Now we need to obtain the IP address so when can mange the server through a web browser on another PC. Type “ifconfig”. On the second line of the output you will see inet addr: and it will list your IP address (here underlined). If you don’t get an address or it’s saying 127.0.0.1 you’ve got a problem with your NIC. It’s time for an add-in card or some troubleshooting on your network setup. This has to work or you won’t be to do anything with your server

Once we’ve got an IP address enter it into a browser window from another PC on your network and this is what you’ll be greeted with. For this guide we’re running a release candidate so we’ve got some additional info. Just click on the main tab and we’ll get started

We have the screen showing three disk slots and our flash drive. Since we’re running the free version we only have slots for the parity and 2 data drives (3 total). They are showing unassigned since we haven’t set up our drives yet. First step is to click on flash (for the flash drive). We need to determine if our flash drive has a usable GUID since this is how we purchase a license

If the area I have crudely obscured section isn’t zeros then your good to go. Let’s return to “Main”

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Assigning Disks in Unraid

We’re going to assign our disks now. We’ll start with parity which needs to be your biggest disk. It can be as big as your other disks, just not smaller since any other disks will be limited to that size. Just click on the arrow next to parity and select your disk

This should give you some additional info on your drive in case you’ve got multiple drives of various sizes but have reserved the largest size drive (a 3TB or 4TB drive, for example) as the parity drive. The size is also displayed at the end of the drive name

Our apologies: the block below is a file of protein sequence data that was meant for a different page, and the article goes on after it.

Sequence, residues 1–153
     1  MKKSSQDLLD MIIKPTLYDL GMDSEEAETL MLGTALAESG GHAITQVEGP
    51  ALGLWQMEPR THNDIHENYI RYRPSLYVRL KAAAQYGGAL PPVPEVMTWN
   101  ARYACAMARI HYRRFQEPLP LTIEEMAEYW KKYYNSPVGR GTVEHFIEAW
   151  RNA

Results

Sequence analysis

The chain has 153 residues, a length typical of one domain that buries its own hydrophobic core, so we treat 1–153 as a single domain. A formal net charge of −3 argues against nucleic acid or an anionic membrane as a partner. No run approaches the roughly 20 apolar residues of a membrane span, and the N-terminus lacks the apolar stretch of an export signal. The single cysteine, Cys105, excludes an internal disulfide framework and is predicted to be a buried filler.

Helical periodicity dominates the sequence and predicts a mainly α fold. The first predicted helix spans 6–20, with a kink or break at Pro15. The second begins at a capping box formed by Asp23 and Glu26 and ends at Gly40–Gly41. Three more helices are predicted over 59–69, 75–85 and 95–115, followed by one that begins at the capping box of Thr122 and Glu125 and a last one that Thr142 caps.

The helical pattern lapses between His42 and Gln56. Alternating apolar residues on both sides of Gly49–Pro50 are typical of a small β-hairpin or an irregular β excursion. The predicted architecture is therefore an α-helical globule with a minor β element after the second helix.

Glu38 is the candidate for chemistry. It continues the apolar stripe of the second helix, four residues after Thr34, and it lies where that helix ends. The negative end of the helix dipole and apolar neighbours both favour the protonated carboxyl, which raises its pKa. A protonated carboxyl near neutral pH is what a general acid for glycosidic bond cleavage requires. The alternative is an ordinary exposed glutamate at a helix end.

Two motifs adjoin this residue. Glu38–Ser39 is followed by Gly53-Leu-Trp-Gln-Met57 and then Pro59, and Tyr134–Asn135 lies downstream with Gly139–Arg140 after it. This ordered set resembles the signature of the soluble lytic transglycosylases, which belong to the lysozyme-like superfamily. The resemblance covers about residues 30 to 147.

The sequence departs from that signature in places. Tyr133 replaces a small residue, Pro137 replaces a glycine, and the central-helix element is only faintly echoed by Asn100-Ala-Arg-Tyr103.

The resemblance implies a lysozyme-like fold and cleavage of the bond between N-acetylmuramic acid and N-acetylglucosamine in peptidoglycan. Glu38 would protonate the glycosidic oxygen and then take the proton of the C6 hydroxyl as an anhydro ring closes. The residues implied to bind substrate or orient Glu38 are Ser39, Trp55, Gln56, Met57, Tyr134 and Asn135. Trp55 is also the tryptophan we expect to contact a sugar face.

Now we’re going to assign our data drives and for this step any drive can go in any slot as the size doesn’t matter. For this guide I grabbed some spare drives for this demo. They haven’t made Maxtor drives in a while and these are IDE so that’s also why they have (hd_) in the title (SATA drives will like the parity drive will have  (sd_) in the title). These are the drive identifiers that Unraid uses to keep track of the drives. The blue ball next to the disks mean that the drives are not formatted. At this point we’re ready to start the array

Since our disks are unformatted we must cancel the parity sync (see arrow)

After canceling the parity sync we are given the opportunity to format our disks. This will erase all data on the disks so make sure you really want to do this. Unraid needs to write zeros to every sector of the drives so it knows exactly what’s on them and that way it can keep track of the parity information. So it will need to do this for even new drives and it will take a while (and even longer for large disks). Click on the “Yes I want to do this” button under the format button. Then click on the format button and it will proceed to format your disks. Again remember it is erasing your disks, so make sure there is nothing on there you want to keep

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Building the Parity in Unraid

Once the drives are formatted we must build the parity. So click on the sync button and go find something to do as this will take some time. Since it must now read every sector of every data drive and use it to calculate and write the parity to the parity drive this will take a long time. Again, the bigger the drive the longer the time it will take

Here we see the beginning of the parity sync. On this test system it is going to take a long time as these drives are old and slow. On modern hardware with modern drives you should see between 60MB to 80MB a second. Also, if your parity is larger than your other drives it will speed up once it’s past the end of your other drives. If you click the refresh button or reload your browser page it will update your position

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Checking the Parity Drive